Changing Times: Old vs. New Media
Despite the advent of new media, newspapers are still doing well. More than 500 million people buy a newspaper every day, up 5.7 per cent from 5 years ago, and 1.7 billion people read newspapers daily. But these figures hide the varied fortunes of newspapers in different countries. In America and Europe, readership is declining. On the other hand, newspapers in Asian countries like China, India and Singapore continue to enjoy strong circulation, probably due to increasing levels of education and affluence.
There are many factors which have contributed to the drop in readership in developed countries. The most important factors are probably the widespread use of digital technology and the rise of new media. These trends have brought about many new challenges for the traditional media, and they have also had an impact on newspapers in Singapore.
Firstly, there are many more sources of news. More than 80 percent of Singapore households have broadband internet, and they can easily access the wide range of international publications available online for free. There are also more than thirty news and infotainment channels which pay-TV subscribers can access.
Secondly, there is a growing demand and supply of niche and customised content to suit individual needs. On the Internet, there are millions of sites catering to all kinds of interests. The days when Singaporeans had the choice of only two TV channels and a few newspapers are long gone. This new trend of narrowcasting has led to a segmentation of the market. Unlike broadcasting which reaches out to the mass population, narrowcasting reaches out to an audience with more specific interests. Unfortunately, narrowcasting also draws readers away from traditional papers.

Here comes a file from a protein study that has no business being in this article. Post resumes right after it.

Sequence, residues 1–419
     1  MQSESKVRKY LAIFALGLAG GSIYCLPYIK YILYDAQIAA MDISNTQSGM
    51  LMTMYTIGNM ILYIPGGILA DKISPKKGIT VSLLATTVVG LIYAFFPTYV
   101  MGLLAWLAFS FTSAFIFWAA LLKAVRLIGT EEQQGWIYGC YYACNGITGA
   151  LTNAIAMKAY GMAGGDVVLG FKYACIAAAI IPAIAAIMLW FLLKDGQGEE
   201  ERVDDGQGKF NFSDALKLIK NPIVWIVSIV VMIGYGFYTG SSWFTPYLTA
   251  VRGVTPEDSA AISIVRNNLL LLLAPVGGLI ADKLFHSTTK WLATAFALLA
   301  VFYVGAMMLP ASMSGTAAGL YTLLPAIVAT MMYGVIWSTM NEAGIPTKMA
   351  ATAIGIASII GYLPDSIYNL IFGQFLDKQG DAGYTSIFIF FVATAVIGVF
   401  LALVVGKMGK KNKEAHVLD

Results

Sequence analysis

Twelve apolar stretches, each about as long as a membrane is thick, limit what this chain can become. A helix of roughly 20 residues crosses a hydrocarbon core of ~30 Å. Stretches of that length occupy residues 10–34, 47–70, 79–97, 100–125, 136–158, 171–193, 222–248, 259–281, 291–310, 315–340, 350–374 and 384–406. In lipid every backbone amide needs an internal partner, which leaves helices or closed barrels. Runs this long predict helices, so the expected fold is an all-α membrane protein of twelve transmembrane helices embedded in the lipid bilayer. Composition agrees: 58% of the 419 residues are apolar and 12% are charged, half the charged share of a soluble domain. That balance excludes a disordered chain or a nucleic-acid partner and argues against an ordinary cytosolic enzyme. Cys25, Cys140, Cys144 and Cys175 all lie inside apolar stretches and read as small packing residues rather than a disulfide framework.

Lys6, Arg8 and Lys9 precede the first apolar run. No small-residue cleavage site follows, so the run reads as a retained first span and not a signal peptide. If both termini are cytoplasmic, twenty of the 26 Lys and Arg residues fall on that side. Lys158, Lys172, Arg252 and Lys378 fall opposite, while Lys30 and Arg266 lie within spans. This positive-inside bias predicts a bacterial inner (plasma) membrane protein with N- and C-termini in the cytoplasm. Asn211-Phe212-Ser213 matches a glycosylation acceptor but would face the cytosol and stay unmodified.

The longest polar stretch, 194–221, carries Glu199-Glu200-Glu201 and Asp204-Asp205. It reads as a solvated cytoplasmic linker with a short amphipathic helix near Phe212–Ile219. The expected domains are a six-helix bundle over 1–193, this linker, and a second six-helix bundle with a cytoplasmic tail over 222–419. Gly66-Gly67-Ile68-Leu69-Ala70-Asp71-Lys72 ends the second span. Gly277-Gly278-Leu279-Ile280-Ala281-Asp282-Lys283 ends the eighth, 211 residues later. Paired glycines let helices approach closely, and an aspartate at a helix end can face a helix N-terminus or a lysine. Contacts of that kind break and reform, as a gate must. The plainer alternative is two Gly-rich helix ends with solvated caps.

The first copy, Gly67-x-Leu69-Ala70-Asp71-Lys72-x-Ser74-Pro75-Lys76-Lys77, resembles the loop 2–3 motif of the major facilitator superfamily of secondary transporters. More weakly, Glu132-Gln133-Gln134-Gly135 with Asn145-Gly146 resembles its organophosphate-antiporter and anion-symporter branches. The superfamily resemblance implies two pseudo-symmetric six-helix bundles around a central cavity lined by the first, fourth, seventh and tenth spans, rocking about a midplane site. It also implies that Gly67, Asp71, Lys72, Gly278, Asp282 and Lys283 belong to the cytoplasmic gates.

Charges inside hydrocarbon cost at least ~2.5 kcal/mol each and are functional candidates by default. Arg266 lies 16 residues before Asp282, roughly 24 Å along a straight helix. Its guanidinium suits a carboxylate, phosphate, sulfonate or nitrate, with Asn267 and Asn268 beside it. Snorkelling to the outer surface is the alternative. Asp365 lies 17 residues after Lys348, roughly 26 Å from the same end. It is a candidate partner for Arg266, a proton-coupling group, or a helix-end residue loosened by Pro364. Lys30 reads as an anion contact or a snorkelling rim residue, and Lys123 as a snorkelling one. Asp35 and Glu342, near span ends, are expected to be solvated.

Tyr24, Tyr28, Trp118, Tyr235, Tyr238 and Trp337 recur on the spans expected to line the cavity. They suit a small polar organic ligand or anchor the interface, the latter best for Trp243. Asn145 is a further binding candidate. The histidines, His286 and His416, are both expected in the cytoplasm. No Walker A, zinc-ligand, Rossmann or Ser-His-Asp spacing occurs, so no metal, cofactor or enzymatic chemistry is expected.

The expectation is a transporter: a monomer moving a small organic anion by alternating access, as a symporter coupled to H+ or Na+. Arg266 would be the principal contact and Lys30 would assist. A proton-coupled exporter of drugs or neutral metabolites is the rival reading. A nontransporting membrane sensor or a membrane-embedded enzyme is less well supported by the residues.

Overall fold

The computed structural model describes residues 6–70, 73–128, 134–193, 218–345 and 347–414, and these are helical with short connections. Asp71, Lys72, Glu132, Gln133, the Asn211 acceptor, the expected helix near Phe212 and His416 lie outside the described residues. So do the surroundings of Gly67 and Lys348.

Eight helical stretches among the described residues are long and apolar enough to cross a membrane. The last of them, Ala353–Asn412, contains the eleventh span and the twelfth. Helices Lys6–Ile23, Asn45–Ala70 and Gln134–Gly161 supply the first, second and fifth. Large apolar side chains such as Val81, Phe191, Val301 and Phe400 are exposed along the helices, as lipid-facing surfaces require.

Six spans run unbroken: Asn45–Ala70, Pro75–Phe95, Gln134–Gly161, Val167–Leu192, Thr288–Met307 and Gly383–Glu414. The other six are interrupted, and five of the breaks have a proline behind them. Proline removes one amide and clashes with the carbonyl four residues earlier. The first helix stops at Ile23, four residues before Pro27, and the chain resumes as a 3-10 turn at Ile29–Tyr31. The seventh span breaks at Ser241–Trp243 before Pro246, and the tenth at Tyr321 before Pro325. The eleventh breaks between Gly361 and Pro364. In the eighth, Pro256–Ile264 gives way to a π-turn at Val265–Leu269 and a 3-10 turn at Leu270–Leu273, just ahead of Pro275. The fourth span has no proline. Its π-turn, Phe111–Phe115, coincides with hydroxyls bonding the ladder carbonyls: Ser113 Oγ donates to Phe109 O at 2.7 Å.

Thirdly, reader-generated news is becoming more common. Readers no longer passively receive the news. They engage with it, react to it and share it with fellow readers. Internet users have begun to expand online news stories with their personal comments and links to relevant information and differing points of view. A recent example was the flash floods in Orchard Road this June. Singaporeans took photos and videos of the floods and uploaded them on news sites, blogs and YouTube. In fact, news of the floods spread rapidly on social media platforms with “Orchard Road” becoming the fourth highest trending topic on Twitter on 16 June this year, trumping even the tweets on the World Cup. The traditional top-down approach where the news provider hands down news to the audience has changed.
Fourthly, digital tools have made the delivery of news more immediate and dynamic. In the past, we read the news in the morning papers and watched the same news on evening television channels. Today, breaking news is sent to our e-mail addresses and smartphones in real-time through services such as Google News. If I were to announce tonight, say, the date of the General Elections, I am sure some of you in the audience would immediately receive a news alert, even as I broke the news to you. In addition, readers now receive news content accompanied by video and audio, making the news much more engaging and absorbing. Each news article is supplemented by links to other articles or websites, and of course, advertisements. The boundaries between the different traditional formats such as print and video have become blurred, and this has changed how audiences want to receive their news.